all that both worlds have falls to thee ; all is yours, because you are Christ's. 
O Christian, look upon tliyself now, and bless thy God to see what a change 
there is made in thy state, since that black and dismal time when thou wast 
a slave to the prince of dai-kness; how couldst thou like thy old scvdlion's work 
again, or think of returning to thy house of bondage, now thou knowest the 
privileges of Christ's kingdom ? Great princes, who from baseness and beggary 
nave ascended to kingdoms and empires, to add to the joy of their present 
honour, have delighted to speak often of their base birtli, to go and see the 
mean cottages where they were first entertained, and had their birth and 
breeding, and the like. And it is not unuseful for the Christian to look in at 
the grate, to see the smoky hole where once he lay, to view the chains where- 
with he was laden, and so to compare Christ's court and the devil's prison, the 
felicity of the one and the horror of the other together. But when we do our 
best to aflect our hearts with this mercy, by all the enhancing aggravations we 
can find out ; alas ! how little portion of it shall we know here ? This is a 
nbnium excellens, which cannot be fully seen, unless it be bj- a glorified eye ; 
how can it be fully known by us, where it cannot be fully enjoyed? Thou art 
translated into the kingdom of Christ, but thou art a great way from his court; 
that is kept in heaven, and that the Christian knows, but as we far countries, 
which we never saw, only by map, or some rarities that are sent us as a taste of 
what grows there in abundance. 

Use 3. Thirdly, This, Christian, calls for thy loyalty and faithful service to 
Christ, who hath saved thee from Satan's bondage. Say, O ye saints, to Christ, 
as they to Gideon, Come thou and rule over us, for thou hast delivered us from 
the hand, not of Midian, but of Satan. Who so able to defend thee from his 
wrath, as he who broke his power ? Who like to rule thee so tenderly, as he 
that could not brook another's tyrannj- over thee ? In a word, who hath right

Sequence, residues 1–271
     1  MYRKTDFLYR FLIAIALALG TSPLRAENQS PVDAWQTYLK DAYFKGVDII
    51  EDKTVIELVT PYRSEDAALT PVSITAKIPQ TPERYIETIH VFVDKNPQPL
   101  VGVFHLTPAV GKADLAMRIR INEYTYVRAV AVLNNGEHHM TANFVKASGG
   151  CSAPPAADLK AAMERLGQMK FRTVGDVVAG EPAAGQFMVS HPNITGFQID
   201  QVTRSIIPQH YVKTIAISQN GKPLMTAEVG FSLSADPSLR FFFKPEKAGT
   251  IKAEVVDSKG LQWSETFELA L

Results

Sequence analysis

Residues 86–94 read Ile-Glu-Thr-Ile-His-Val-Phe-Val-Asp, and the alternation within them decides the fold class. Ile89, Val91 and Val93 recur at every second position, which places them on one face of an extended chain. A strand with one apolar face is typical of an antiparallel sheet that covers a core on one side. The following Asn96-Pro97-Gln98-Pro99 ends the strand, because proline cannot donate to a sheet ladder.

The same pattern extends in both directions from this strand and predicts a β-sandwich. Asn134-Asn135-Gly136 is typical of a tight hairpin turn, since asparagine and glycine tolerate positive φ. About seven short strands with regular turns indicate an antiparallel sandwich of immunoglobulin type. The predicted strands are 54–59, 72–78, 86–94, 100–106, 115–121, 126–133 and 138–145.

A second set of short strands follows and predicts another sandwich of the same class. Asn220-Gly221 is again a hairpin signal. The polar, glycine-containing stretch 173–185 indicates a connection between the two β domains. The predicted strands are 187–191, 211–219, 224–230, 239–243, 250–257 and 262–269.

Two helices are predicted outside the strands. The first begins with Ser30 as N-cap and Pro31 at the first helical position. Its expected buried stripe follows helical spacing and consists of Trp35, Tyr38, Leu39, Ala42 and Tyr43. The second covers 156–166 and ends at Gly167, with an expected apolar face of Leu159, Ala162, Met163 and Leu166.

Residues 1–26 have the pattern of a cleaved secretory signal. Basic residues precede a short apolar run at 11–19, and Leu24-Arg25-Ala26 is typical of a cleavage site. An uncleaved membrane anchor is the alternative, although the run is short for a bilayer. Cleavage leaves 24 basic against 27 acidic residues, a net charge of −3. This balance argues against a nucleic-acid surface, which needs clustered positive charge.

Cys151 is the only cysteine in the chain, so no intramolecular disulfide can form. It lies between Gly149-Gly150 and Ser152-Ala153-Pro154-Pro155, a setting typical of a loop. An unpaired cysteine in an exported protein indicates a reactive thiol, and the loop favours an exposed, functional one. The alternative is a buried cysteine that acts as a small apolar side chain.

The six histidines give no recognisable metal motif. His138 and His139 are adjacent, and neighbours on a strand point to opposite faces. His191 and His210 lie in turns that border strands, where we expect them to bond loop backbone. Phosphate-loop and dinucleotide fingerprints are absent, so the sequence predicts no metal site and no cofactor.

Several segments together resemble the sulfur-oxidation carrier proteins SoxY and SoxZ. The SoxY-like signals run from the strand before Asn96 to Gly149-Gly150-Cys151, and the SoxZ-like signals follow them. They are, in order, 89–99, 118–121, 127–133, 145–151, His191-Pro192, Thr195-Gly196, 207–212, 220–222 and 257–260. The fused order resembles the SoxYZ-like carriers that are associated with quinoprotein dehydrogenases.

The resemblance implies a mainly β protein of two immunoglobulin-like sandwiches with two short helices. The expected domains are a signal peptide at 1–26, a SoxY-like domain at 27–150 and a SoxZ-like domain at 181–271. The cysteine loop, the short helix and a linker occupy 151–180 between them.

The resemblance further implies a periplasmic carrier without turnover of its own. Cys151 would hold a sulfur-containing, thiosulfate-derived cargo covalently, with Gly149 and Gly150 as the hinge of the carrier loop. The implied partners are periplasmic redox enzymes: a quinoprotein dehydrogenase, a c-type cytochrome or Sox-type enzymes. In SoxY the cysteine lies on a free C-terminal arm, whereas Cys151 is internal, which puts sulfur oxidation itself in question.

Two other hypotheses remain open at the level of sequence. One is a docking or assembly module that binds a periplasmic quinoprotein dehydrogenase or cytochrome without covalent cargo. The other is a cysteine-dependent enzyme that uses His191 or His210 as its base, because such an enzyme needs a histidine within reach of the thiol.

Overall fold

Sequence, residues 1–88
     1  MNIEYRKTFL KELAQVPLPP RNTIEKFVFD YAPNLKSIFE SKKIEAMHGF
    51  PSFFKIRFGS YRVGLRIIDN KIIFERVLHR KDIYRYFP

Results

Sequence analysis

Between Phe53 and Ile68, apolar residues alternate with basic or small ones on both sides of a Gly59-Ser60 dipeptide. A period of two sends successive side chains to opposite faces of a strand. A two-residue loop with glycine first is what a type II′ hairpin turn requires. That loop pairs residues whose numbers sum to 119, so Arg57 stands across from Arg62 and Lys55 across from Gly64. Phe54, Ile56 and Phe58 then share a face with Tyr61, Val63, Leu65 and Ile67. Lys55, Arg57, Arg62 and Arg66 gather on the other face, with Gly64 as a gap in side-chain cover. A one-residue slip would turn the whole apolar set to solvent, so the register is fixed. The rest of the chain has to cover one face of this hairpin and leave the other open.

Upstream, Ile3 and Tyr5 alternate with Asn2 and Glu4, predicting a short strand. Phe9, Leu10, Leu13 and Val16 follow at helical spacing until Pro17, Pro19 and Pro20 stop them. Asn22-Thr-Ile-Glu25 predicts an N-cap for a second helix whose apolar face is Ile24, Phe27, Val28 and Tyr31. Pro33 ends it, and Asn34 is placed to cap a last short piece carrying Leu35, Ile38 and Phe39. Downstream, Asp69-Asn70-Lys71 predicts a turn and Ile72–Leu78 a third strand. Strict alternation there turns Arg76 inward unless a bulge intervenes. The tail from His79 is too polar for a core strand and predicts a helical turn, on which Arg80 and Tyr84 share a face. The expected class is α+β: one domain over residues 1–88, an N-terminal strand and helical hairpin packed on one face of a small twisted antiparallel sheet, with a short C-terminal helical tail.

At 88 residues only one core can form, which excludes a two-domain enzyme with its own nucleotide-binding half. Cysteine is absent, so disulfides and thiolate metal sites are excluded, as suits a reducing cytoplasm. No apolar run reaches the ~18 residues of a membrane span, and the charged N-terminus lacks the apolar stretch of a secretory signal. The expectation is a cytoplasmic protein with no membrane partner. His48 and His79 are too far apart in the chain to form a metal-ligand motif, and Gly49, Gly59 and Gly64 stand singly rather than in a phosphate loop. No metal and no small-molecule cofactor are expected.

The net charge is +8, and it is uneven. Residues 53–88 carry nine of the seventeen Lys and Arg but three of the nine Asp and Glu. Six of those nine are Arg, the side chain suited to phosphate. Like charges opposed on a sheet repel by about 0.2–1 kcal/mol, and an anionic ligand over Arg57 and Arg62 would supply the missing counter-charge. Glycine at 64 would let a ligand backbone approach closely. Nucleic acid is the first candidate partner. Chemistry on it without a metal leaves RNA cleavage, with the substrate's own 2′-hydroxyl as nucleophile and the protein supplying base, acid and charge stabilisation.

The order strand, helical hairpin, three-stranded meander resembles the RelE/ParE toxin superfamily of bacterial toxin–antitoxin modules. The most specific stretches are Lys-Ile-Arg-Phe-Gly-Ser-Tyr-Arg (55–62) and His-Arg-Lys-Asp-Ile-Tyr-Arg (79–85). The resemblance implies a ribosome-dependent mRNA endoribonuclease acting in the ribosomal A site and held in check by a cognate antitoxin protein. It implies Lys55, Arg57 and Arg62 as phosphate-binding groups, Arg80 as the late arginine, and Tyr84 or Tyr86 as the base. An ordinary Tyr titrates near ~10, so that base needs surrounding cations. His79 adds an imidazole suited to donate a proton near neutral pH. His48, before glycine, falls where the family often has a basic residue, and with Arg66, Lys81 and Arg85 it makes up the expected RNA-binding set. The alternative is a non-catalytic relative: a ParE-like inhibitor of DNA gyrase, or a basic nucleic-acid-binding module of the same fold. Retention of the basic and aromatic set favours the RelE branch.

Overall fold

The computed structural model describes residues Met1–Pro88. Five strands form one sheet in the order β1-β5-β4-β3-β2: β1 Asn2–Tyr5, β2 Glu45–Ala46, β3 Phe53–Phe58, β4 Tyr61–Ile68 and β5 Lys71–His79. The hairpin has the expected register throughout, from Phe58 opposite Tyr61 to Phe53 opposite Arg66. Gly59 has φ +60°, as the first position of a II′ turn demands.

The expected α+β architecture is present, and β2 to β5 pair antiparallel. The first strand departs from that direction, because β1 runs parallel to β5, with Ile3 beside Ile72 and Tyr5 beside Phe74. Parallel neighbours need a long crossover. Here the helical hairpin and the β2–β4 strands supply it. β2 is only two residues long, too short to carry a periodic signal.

to thee besides him, who ventured his life to redeem thee? 'That, being deli- 
vered from all thine enemies, thou mayst serve him without fear in holiness all 
the days of thy life.' And were it not pity that Christ should take all this pains 
to lift up thy head from Satan's house of bondage, and give thee a place among 
those in his own house, who are admitted to minister unto him, (which is the 
highest honour the nature of men or angels is capable of,) and that thou 
shouldest after all this be found to have a hand in any treasonable practice 
against thy dear Saviour ? Surely Christ may think he hath deserved better at 
your hands, if at none besides. Where shall a prince safely dwell, if not in the 
midst of his own courtiers ; and those such who were all taken from chains and 
prisons to be thus prefeiTcd, the more to oblige them in his service ? Let devils 
and devilish men do their own work, but let not thy hand, O Christian, be 
upon thy Saviour. But this is too little, to bid thee not play the traitor. If thou 
hast any loyal blood running in thy veins, thy own heart will smite thee when 
thou rendest the least skirt of his holy law ; thou canst as well carry burning 
coals in thy bosom, as hide any treason there against thy Sovereign. No, 
it is some noble enterprise I wouhl have thee think upon, how thou mayest ad- 
vance the name of Christ higher in thy heart, and the world too, as much as in 
thee lies. O how kindly did God take it, that David, when peaceably set on 
his throne, was casting about, not liow he might entertain himself with those 
pleasures which "usually corrupt and debauch the court of princes in times of 
peace, but how he might show zeal for God, in building a house for his worship, 
that had reared a throne for him, 2 Sam. vii. And is there nothing. Christian, 
thou canst think on, wherein thou mayst eminently be instrumental for God in 
thy generation ? He is not a good subject that is all for what he can get of his